Priority building works on the National Cycling Centre in Manchester have been brought forward due to the risk of “catastrophic failings” owing to the Velodrome’s age.
According to a detailed planning application approved by Manchester City Council, building works will include concrete repairs to external walls, steelwork repairs to remove rust on the frame of the building, as well as replacing several parts of the roof and all suspended ceilings.
These fundamental structural repairs come alongside substantial replacements and technological improvements.
The lighting system and CCTV will be replaced with modern, digital versions, and a new digital screen and track timing system will be installed.
The seating, lights, sanitary facilities and central flooring are all set to be upgraded, although the track itself, itself recently updated, will need to be protected and accessed during the extensive work.
About The Velodrome
The Velodrome, first opened in 1994, is considered to be one of the crowning legacies of the 2002 Commonwealth Games held in Manchester and has been credited for being a major part of Great Britain’s ascendancy in the world of cycling.
The stadium is highly popular among cyclists, being one of the busiest velodromes in the world and seeing action every day of the week.
Part of the reason for this is its surface and banking, that have led to over 15 world records being set inside the velodrome, whilst the other is being one of a very small number of Olympic-standard velodromes.
The track is 250 metres long, with 42-degree banking from the racing line to the top of the racing surface.
Whilst the entirety of “SportCity”, the staging ground for the 2002 Commonwealth Games has seen continued use, the most important legacy for the host city has been the velodrome.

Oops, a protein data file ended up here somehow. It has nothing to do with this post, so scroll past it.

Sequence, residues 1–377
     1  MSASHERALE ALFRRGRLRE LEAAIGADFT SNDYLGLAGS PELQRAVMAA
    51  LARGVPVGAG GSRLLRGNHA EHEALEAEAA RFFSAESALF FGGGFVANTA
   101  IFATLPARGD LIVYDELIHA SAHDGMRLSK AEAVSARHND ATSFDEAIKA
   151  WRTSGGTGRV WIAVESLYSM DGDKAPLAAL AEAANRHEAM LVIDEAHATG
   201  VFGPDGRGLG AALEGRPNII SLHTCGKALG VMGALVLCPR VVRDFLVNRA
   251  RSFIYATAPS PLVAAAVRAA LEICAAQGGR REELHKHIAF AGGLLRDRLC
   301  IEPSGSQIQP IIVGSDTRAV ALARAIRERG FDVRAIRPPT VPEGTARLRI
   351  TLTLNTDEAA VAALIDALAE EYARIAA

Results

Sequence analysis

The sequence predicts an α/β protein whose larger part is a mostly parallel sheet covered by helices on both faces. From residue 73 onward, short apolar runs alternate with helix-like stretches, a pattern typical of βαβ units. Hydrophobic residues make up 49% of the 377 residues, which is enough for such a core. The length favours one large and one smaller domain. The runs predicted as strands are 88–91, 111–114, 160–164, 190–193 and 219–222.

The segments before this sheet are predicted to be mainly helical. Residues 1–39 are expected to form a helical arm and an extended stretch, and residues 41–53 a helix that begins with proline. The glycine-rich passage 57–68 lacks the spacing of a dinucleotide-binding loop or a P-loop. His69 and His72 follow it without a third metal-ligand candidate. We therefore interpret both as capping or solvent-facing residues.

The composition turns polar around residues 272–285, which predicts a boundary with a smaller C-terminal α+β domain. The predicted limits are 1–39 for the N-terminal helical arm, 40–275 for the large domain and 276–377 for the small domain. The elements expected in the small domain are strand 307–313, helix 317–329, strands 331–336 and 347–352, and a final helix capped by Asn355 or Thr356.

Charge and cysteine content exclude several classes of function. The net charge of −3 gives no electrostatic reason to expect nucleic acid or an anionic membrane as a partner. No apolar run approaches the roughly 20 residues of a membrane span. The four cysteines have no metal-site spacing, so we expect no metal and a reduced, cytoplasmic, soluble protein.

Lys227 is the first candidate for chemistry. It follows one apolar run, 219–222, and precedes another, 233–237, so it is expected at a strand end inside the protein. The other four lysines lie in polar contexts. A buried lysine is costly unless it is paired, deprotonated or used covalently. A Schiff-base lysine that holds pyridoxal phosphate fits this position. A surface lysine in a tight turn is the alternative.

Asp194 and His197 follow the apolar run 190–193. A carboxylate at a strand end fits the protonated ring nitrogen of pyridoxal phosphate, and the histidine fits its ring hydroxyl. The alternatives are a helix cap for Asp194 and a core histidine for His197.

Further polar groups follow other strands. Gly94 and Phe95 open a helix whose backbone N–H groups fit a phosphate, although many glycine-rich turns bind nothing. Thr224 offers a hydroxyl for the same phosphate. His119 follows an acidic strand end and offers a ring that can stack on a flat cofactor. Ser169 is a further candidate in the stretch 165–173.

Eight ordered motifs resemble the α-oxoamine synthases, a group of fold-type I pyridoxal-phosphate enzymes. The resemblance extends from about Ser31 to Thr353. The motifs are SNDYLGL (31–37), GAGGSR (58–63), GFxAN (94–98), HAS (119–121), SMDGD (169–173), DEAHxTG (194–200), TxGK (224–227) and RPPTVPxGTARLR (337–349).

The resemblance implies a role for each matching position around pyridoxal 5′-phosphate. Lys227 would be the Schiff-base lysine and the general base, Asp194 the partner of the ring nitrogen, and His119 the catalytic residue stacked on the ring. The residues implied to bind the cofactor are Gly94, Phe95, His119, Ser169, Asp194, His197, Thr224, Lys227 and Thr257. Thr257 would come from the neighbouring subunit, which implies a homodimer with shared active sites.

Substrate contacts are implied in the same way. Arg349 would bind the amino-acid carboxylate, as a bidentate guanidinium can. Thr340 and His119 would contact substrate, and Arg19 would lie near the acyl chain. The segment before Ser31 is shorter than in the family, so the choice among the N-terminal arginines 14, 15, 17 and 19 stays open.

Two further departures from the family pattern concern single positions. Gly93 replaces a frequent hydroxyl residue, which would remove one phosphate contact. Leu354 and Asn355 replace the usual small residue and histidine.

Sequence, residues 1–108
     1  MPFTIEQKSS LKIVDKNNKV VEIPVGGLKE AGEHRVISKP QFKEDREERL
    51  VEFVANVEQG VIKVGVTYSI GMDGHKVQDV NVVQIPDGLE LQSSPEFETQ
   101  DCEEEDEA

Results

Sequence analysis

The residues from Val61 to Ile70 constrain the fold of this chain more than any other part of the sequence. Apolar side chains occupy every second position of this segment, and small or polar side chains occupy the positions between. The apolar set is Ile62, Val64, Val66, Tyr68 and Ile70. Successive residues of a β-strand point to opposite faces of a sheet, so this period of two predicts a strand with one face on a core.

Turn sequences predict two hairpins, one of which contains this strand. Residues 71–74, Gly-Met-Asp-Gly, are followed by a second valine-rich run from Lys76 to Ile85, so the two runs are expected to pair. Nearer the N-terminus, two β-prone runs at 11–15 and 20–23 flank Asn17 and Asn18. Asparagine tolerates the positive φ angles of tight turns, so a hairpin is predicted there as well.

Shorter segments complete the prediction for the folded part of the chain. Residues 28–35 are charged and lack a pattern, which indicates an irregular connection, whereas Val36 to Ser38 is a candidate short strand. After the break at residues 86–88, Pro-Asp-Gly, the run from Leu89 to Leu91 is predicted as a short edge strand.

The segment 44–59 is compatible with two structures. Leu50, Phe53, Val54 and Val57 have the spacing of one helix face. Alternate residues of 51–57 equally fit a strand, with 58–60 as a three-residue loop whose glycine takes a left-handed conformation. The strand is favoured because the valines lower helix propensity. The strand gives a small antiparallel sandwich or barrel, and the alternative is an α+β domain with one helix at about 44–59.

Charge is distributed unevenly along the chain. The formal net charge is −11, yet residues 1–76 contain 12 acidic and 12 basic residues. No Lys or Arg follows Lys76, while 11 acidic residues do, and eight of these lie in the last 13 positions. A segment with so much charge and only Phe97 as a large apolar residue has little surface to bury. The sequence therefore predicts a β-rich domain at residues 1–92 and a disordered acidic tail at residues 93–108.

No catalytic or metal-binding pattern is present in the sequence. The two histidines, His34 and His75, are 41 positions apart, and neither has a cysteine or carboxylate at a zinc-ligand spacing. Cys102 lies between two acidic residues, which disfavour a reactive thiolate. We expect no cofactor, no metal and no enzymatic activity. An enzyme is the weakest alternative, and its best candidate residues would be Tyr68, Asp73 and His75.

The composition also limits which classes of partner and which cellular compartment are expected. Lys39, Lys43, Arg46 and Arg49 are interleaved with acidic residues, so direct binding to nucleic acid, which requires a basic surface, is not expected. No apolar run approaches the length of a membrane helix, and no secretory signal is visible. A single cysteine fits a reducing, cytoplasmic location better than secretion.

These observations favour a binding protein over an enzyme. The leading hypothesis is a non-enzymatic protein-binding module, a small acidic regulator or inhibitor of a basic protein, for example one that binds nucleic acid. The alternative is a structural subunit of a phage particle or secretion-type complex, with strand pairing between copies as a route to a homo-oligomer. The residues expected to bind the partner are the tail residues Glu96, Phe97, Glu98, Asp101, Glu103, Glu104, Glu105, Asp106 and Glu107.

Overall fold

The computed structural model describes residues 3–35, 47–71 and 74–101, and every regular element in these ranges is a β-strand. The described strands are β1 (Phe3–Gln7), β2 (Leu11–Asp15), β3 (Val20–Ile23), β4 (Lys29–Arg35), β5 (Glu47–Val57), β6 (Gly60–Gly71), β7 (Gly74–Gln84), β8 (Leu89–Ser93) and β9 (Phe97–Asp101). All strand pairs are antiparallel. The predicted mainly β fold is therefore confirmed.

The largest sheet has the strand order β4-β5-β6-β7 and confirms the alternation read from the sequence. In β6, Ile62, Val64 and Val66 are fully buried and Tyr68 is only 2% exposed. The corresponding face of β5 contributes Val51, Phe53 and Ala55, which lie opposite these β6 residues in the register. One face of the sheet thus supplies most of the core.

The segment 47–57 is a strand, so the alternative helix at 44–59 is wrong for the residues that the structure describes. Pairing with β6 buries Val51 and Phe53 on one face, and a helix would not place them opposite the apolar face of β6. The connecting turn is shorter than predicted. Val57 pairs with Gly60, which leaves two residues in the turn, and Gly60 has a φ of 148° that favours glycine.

At this event, England won 165 medals, including 54 gold medals as well as five silver and six bronze medals in cycling.
For comparison, at the most recent Olympic games in 2016, Team GB won 12 medals in cycling and 13 medals in cycling at the 2018 Commonwealth games.
Given its popularity for international events, the required repairs have become even more vital.
End Of Life Complications
The report described the renovations as critical for securing the Velodrome’s long term future and viability for international events.
Much of the infrastructure is reaching the end of its expected life, with significant investment needing to take place with 15 years to ensure the building was still viable.
For Manchester City Council, the owners of the building, it was less a matter of if but when the repairs would take place. Initially, the work was halted whilst Manchester prepared a bid to host the 2022 Commonwealth games.
In the end, as Birmingham became the host city for the event, the Council brought forward the repairs.
The structural repairs to the concrete and metal frame will take priority, and formed the core of the application. Metal corrosion on a load-bearing framework could lead to a collapse, and this was part of why the application was approved so quickly.